A Transferware Journey in India was presented by TCC president Scott Hanson and TCC vice-president Michael Sack during the TCC 2020 Annual Meeting. The presentation shows historic source prints and transferware pieces depicting sites and monuments in India and current photos of the same sites and monuments. Scott, Michael and 11 other transferware collectors toured the sites in India early in 2020 and share insights and stories about the journey while discussing the transferware and source prints. Watch Video
Sharing transferware tales at the California Regional Meeting in 2011. Details for the forthcoming regional meetings in the San Francisco Area and Deerfield, MA are forthcoming. See past Photos of the Month.
Thanks to David Hoexter for preparing the "Photo of the Month."

An uncommon polychrome (Prattware) advertising pot lid, inasmuch as the producer name is rarely printed with the pattern. Of particular interest is that the same pattern was used for four different hairdressers, all located on the same street in Manchester, England. Many hundreds of polychrome pot lids were produced in the mid and late 19th century, and are well documented in a series of references. More information.

Members only: See pattern #20517 in the Pattern and Source Print Database.
Thanks to David Hoexter for preparing the "Pattern of the Month."

The Northern Ceramic Society exhibition at the Potteries Museum includes an amazing array of members’ pottery and porcelain, and is accompanied by a fully illustrated catalogue. The Summer School explores the themes. The exhibition closes on September 4, 2022. Summer School is August 24-27, 2022 at Chester University. More info.
Bulletin TCC 2022 Number 1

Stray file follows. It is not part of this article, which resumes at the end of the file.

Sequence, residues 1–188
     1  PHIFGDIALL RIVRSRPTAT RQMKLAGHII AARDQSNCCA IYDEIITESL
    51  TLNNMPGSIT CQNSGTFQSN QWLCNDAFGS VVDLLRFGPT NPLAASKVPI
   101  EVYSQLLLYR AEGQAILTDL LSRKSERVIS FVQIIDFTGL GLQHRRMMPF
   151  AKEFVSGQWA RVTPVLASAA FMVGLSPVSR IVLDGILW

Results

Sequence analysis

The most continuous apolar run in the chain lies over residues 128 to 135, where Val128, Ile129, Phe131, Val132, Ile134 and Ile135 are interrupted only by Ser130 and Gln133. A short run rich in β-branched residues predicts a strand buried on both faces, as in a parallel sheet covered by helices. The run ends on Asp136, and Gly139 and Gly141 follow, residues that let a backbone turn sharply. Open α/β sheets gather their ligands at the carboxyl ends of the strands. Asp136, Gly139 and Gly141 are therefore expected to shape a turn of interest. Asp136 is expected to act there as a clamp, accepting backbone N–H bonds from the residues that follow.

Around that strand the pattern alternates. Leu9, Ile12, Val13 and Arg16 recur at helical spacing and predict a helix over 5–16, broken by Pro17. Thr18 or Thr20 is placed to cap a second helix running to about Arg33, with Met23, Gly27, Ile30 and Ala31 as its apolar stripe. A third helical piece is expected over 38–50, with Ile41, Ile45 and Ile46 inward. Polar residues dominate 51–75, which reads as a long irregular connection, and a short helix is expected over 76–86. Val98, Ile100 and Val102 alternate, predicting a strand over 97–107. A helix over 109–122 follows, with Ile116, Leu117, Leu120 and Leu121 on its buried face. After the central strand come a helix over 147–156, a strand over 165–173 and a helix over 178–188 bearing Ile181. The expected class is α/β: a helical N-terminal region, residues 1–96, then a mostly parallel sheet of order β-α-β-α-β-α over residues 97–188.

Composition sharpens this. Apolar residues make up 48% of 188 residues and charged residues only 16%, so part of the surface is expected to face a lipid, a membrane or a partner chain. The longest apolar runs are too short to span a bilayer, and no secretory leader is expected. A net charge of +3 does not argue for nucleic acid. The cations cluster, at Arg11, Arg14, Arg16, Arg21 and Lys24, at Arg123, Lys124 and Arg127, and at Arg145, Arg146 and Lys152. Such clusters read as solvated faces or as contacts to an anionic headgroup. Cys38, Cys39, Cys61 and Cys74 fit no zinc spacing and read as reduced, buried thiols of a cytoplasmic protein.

Download/read this issue's feature article (all site visitors): “Northampton Mass” by Enoch Wood & Sons: A Design Source Discovery by Dan Sousa. Members, read the entire issue here.

The TCC Bulletin Index -- incorporating listings of articles from the Fall 1999 issue through to the most recent issue. A rich resource! Search Index.

Bulletin editor is seeking contributions for the upcoming bulletin. Contacts: 
The TCC Bulletin editor seeks submittals to future editions, particularly from first time or occasional authors. We have an extremely knowledgeable member base, yet many of our members seldom or never share their knowledge, at least in printed form. Now is your chance. Bulletin submittals do not need to be extremely technical or lengthy. They just need to be interesting and relate to British transferware! And they need to be accompanied by quality images. We would especially welcome articles from our growing number of archaeologist members.

Don’t fret if you have little experience. We will be pleased to work with you, to formulate your concept and bring your article along. Simply send us your ideas, if that is where you are, or text, even in preliminary form, if you are further along. Please submit in MS Word format, and separately, images in png, pdf or jpeg format. Please do NOT convert to PDF. Don’t worry if this is a problem for you; we’ll work with you to bring your article from preliminary to final, printed, stage, no matter your level of computer and word processes experience. 

Suggested topics: 
  1. Your favorite transferware piece, either your own or displayed elsewhere (why is it your favorite?, how did you acquire it?, what is the pattern, maker if known?). 
  2. What is your favorite place to view transferware: museum? stately home? Historic or archaeological site?
  3. Tell (and show) us your own collection (really good pictures required).
  4. New discoveries.
  5. Archaeological sites: overall summary of the excavation as relates to transferware; discuss a particular pattern or piece; context/importance of the transferware.
  6. In-depth research of a pattern, series, maker.

 Richard Halliday, TCC Bulletin Editor:
 David Hoexter:
Sunday, October 30, 2022

The next Worldwide Lecture Series will be in conjunction with the TCC Annual Meeting. This year’s virtual Annual Meeting will be held on Sunday, October 30th and will feature two recorded lectures and a brief business meeting to update the membership on the status of the organization and vote on board members. Details to follow.
Please contact us if you are offering or know of an upcoming lecture
with an emphasis on transferware.